Working with representatives of the Thai government, the monks have joined others from around Australia and the world in giving whatever they can to fire-ravaged communities.
Phra Mana Viriyarampo, the abbot of the monastery which has been threatened by the Morton fire, said the volunteers had protected their facility and the monks wanted to show their appreciation.
“We admire them. They are people who practice unconditional love and selflessness,” he said.
“Two years ago, Australians helped rescue the soccer team in the cave. So Thai people have said to me they feel guilty because when Thailand was in trouble, Australians helped. But with Australia in trouble, they can’t help.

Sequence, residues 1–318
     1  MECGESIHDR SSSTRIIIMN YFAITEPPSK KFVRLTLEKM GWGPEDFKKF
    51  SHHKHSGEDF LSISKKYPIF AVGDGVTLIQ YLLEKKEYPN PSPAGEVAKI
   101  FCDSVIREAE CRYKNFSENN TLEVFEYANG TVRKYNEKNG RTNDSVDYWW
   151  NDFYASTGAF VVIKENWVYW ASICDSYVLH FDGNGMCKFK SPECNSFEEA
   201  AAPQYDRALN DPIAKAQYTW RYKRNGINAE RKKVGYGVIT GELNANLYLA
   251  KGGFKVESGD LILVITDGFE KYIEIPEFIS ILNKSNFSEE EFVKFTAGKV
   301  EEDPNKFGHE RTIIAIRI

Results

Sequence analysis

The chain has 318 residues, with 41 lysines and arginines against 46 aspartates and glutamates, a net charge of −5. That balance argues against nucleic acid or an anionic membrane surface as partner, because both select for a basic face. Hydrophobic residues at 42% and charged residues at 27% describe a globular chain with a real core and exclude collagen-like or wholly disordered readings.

“So we just discussed [what we could do to help] … we’d like to offer some token appreciation: Thai massage. For all the firefighters, volunteers and victims in this crisis … maybe it will help to reduce stress, anxiety.”
Chakkrid Krachaiwong, Thailand’s consul general in Sydney, said his government and the Thai community in Australia wanted to show their gratitude.
“We want to do whatever we can,” he said.
With all kinds of assistance flooding into Australian communities – including food, supplies and millions of dollars in donations – the offer of massages is among the more unusual. But it was very much welcomed by the Wingello locals.
Gary Newham, a volunteer with the RFS, was among the locals who said they would definitely take up the opportunity.